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Growth Through Hypocrisy

Wikipedia defines hypocrisy as:
Hypocrisy is the act of persistently pretending to hold beliefs, opinions, virtues, feelings, qualities, or standards that one does not actually hold. Hypocrisy is thus a kind of lie.
I was feeling particularly unimpressed with my actions one day and sighed, "I am such a hypocrite.";  which only made me feel worse, because I hate hypocrisy with a passion.  (I actually used the word "fraud", but I don't want to admit that in public.)  It was pointed out to me, however, that if I hate being hypocritical, that means that I don't define myself as exemplifying that character trait and so I am not a hypocrite.  (Oh gosh... does that mean I am being hypocritical about my hypocrisy?  Not going there...).  So I am making an effort not to regard myself as "a hypocrite", but rather as someone who acts (at times) hypocritically.

So lets begin anew: I was feeling particularly unimpressed with my actions one day and sighed, "I really hate acting hypocritically."  And yet... consider the following:
R' Saadia Gaon was once found by his talmidim punishing himself by rolling in the snow.  His shocked talmidim wondered what such a great sage and tzadik could have done to feel he needed such an extreme form of penitence.  He saw them looking in wonder and told them, "I do this every day."

R' Saadia told them that once he had been traveling and arrived late one night to an inn.  The innkeeper -- who did not recognize R' Saadia (before internet, you know) -- told him that there was no room available; very sorry, but nothing could be done at this late hour.  When pressed, the innkeeper agreed to put him up in the barn for a modest fee.  Somehow word got out that the great R' Saadia Gaon was in town and staying at the inn.  In the morning, throngs of people crowded up to the inn in hopes of catching a glimpse of the great sage.  The innkeeper went out to ask what was going on, and he also then waited in eager anticipation to see the renowned R' Saadia.  Imagine the horror the poor innkeeper felt when he saw that the man he had put up in the barn was the great sage himself!  The innkeeper threw himself at R' Saadia's feet and cried to him, "Please forgive me!  Had I recognized the Rav, I would never have treated him in such a manner!".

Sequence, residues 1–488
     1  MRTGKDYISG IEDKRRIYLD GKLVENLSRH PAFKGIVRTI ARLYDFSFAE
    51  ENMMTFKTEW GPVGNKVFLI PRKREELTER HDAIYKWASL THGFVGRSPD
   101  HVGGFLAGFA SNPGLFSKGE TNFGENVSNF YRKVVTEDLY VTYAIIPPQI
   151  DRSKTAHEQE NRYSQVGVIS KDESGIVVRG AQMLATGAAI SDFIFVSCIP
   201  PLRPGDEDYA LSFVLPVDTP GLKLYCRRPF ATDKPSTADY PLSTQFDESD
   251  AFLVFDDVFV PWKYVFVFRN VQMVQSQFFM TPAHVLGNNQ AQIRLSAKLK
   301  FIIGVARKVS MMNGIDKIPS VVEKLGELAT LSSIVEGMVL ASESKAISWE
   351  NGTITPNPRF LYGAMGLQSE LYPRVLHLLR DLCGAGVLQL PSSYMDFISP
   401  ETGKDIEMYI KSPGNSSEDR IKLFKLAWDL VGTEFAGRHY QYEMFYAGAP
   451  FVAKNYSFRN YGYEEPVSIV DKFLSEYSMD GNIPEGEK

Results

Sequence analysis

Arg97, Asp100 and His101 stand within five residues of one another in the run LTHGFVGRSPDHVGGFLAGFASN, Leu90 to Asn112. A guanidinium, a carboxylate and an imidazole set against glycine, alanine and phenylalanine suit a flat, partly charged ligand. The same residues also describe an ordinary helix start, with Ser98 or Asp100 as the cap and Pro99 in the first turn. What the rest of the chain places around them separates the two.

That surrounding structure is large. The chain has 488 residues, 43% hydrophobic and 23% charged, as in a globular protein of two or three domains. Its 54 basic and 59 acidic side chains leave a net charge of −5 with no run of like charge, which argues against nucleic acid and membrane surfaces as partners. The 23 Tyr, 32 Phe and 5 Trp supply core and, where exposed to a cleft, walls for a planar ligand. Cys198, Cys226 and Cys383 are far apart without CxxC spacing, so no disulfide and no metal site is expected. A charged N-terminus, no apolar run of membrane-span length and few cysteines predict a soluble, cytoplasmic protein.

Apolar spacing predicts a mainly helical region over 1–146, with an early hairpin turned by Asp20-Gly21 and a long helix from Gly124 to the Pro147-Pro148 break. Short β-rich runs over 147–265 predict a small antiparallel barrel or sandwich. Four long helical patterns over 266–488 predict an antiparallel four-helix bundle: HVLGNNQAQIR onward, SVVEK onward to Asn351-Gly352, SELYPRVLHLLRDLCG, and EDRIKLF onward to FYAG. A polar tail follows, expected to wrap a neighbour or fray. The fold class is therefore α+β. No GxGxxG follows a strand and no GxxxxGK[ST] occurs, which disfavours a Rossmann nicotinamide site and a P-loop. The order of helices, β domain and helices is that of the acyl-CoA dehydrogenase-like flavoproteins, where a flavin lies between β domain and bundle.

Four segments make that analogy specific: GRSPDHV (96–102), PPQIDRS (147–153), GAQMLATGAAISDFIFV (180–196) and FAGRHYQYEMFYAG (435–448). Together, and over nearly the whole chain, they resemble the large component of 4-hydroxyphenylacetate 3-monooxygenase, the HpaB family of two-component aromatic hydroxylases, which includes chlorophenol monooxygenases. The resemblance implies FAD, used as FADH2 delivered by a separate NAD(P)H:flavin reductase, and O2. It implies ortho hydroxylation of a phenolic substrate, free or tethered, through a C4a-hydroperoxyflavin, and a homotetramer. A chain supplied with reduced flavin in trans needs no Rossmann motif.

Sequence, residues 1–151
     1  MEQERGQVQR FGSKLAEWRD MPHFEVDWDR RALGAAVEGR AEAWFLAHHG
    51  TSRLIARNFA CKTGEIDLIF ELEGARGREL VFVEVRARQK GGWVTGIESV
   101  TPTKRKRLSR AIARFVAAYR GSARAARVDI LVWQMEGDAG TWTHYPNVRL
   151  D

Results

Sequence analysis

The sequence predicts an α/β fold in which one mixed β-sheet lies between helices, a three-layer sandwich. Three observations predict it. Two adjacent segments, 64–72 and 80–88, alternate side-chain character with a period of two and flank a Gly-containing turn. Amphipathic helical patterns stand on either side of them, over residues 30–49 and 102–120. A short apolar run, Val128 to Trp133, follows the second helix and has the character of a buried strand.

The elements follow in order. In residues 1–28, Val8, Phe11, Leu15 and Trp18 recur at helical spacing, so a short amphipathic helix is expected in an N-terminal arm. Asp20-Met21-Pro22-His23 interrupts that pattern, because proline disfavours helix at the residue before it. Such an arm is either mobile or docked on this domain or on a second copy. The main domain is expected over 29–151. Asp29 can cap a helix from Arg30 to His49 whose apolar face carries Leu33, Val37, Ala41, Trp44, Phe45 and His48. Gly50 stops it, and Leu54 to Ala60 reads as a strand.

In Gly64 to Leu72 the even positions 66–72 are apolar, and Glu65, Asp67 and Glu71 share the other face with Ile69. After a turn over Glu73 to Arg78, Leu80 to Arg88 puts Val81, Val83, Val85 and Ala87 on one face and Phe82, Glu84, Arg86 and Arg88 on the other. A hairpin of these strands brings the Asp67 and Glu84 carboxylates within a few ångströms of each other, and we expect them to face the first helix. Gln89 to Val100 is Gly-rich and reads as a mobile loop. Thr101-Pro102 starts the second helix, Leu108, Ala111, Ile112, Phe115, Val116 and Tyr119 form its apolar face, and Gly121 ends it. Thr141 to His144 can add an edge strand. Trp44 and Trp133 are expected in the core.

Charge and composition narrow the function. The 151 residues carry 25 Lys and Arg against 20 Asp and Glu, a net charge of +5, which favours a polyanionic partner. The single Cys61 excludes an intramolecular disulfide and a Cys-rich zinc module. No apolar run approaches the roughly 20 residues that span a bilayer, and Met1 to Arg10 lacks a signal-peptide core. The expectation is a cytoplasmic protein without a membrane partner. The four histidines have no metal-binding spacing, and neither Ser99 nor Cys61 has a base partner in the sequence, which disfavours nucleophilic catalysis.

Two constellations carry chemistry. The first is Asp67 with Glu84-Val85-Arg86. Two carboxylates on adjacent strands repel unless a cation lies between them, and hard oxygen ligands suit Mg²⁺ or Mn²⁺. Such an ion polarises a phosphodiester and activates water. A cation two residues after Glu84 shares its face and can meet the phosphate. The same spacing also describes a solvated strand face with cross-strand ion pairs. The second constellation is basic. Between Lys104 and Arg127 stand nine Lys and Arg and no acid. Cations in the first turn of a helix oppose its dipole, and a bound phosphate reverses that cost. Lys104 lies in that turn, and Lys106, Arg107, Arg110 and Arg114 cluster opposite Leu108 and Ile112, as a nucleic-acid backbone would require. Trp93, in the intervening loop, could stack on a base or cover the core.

The great sage and tzadik, R' Saadia Gaon, concluded by telling his talmidim that each and every day that his recognition of the HaShem Yisbarach is greater than the day before.  So much greater, in fact, that he feels each day like that poor innkeeper; shocked and horrified at the way he treated his Creator the day before.  Therefore, each and every day R' Saadia felt he needed to beg forgiveness for his behaviour the day before.
That was R' Saadia.  I, on the other hand, don't even treat HaShem with the respect due given my current state of knowledge.  In fact, I often don't even treat Him with the just simple derech eretz.  I remember the first time I learned that there were rules about what to do if one forgot, for example, to add "mashiv ha'ru'ach u'morid hageshem" into one's shmone esrei.  I thought, "What?!  A person who believes in G-d and the efficacy or prayer could simply forget where he is and before Whom he is standing?!"  Regrettably, I have learned and needed those halachos all too often.

Actually, the way I say brachos in general is disgraceful.  I am trying to be better, though.  I try to open my siddur before starting rather than leafing through it as I am mumbling the words.  Every once in a while I actually stop and realize that I am saying "atah"; speaking in second person, directly addressing HaShem.  Usually after I realize that, I stop and mentally pat myself on the back for having grown so much in my emuna.  Very often I am so taken with my kavana at that one word that I find myself almost done with shmone esrei before I start paying attention to the words again.